One rare windless evening, Russell offers to show me the lay of the land from his Kolb, an ultralight plane he keeps moored along the shore. The sun is low and slants through the gaps in the mountains, lighting up the hillsides in spotlights of gold. On our 90-minute flight above southern Kamchatka, we coast over endless wetlands, tiny lakes reflecting chips of blue sky, thick-grass meadows, fissures that blast steam from the volcanic heat simmering below. Once, we find ourselves flying in formation with a Steller sea eagle. Bears are everywhere–one in a blueberry patch, a mother nursing cubs in the open, a lone male nearly at the summit of a peak. We count 63 bears along the river and even find tracks on the beach when we skim low along the coast.
As the land scrolls beneath us, Russell talks of wanting to see Kambalnoye and the land around it set aside as a special management area–not just for bears, but for bears and humans. He envisions a place where the spirit of his work can be carried on, where small numbers of researchers, activists, artists, wildlife managers, and even the public could come and walk among the bears the way he and Enns have–or at least share the same landscape in peace.
The following afternoon, Russell takes me across the lake to an ancient bear trail. For thousands of years, bears have used this route to cross the low pass to the lake. “You can see where every bear steps exactly in the same spot as the one before it,” he says. The trail seems symbolic of what he’s facing in his efforts to change how we view bears. Old habits die hard, for grizzlies and humans.
As we hike back to the boat, Russell walks ahead, leaving me to assess my own stubborn view of bears. The fear–that twist in the gut that comes the moment you realize you are sharing the land with something big enough to kill and eat you–is not gone. It probably shouldn’t be. Even after spending time with Russell, I’d never knowingly approach a bear anywhere else in the wild, never keep an unclean camp, never walk into thick brush in bear country without hollering.
Yet the experience here has tempered my fear with the idea that there may be other ways to see the world, and the bear. Getting out from under the blinding paranoia, even for a moment, gives us a chance to relax and appreciate the other beauties of wild places. I can absorb the splendor of Kamchatka with a fullness and clarity that wasn’t possible when I got here. Plus, even a small reduction in our fear of grizzlies could give them a chance to reclaim some of the habitat they need, a small but perhaps vital step toward their survival. It would be, as Russell claims, a kind of truce in a war that no one stands to win.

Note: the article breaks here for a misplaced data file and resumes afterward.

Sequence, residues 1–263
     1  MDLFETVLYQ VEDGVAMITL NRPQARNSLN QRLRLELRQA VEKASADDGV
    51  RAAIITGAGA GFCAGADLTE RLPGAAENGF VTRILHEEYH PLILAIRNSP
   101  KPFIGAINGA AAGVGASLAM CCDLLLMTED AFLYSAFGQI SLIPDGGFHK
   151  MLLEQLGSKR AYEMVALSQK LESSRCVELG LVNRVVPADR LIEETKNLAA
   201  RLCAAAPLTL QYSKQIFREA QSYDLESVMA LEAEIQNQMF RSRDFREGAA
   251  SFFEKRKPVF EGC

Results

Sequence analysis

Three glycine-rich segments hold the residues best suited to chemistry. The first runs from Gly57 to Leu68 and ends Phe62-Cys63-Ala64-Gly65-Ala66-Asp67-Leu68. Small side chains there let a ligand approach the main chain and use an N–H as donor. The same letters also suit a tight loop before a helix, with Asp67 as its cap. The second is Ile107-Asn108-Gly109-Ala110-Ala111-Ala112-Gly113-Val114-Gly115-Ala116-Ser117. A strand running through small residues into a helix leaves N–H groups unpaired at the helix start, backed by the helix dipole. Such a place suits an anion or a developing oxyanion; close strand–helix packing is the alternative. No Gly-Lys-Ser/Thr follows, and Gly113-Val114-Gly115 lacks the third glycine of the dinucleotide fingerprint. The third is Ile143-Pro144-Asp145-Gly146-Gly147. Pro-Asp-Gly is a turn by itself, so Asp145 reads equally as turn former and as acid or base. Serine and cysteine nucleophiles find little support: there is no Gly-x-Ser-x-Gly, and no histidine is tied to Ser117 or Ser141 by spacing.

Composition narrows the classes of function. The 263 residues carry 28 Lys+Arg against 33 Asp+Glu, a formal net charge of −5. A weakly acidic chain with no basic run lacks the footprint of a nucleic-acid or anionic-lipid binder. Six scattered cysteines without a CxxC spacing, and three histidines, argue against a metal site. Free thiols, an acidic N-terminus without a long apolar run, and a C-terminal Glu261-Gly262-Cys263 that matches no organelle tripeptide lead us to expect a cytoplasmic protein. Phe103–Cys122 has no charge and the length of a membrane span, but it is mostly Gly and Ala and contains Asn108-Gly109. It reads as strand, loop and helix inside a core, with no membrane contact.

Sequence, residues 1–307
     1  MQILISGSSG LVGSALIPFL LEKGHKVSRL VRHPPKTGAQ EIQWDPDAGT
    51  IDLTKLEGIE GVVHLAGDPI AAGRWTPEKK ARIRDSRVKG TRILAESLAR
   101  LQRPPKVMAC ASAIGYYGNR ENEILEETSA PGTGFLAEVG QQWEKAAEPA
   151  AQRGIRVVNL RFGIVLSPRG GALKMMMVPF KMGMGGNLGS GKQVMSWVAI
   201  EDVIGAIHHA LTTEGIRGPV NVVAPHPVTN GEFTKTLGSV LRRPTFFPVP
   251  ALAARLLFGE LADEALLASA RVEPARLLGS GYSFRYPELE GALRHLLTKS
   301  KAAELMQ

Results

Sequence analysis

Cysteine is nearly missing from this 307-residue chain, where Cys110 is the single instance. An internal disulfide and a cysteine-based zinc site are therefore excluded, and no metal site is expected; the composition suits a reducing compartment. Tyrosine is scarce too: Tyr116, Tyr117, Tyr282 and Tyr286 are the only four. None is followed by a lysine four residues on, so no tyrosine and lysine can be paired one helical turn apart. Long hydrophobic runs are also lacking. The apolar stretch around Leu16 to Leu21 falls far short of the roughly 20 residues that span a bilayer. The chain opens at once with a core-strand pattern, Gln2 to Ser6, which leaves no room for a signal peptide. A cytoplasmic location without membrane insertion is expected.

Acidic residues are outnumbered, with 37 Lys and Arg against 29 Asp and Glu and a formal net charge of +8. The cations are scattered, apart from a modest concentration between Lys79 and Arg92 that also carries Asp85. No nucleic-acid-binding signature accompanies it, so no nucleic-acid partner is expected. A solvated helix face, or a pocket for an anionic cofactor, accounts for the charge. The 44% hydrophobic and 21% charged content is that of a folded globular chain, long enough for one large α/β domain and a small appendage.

We’ve already pushed the boat off and started the engine when we spot Biscuit fishing just a short distance up the shore. Cutting the motor, we watch her wade out, catlike, eyes peeling back the ripples. Sometimes she puts her head underwater as if snorkeling to locate the salmon. “Look,” Russell whispers as we beach the boat and climb out for a closer look, “she’s picking out the ones with the white fins. They are spawned out and slower.” When she corrals one between her paws and the shore, she drives it to shallow water and pounces, snatching it in her jaws and carrying it to a flat rock to eat. We watch the process repeated successfully five times, moving closer on each occasion.
By her sixth course, we are close enough to see the crimson of blood on her muzzle and hear the bones crunch when she rips apart the fish. In the afternoon sun, the water drips like diamonds off her fur.
Finishing the salmon, she turns, not back to the water as we expect but directly toward us. We are too close–there is no time to move out of the way, nowhere to go. Just 3 feet separate my legs and a boulder on the shore, 3 feet for a 600-pound bear to pass through. I freeze, my hand on the canister of pepper spray. In just a few steps, she is there, moving almost silently through the narrow gap, so close I feel the brush of fur against my leg. At first, I think she will just pass by. Then she stops. I look away, trying not to make eye contact, but then I look back to show her my eyes. I feel her huge head swing in my direction, and then the surprisingly soft touch of her nose against my upper arm. There is a quiet “woof ” as she inhales to catch my scent. And then she moves on.
I wait, afraid to move, cringing at the sound of a huge splash. But it is only Biscuit pouncing back into the lake after another salmon, doing what bears have done for thousands of years on Kambalnoye Lake. My heart is pounding so wildly in my chest that I can barely turn around to look. When I do, Charlie Russell is smiling.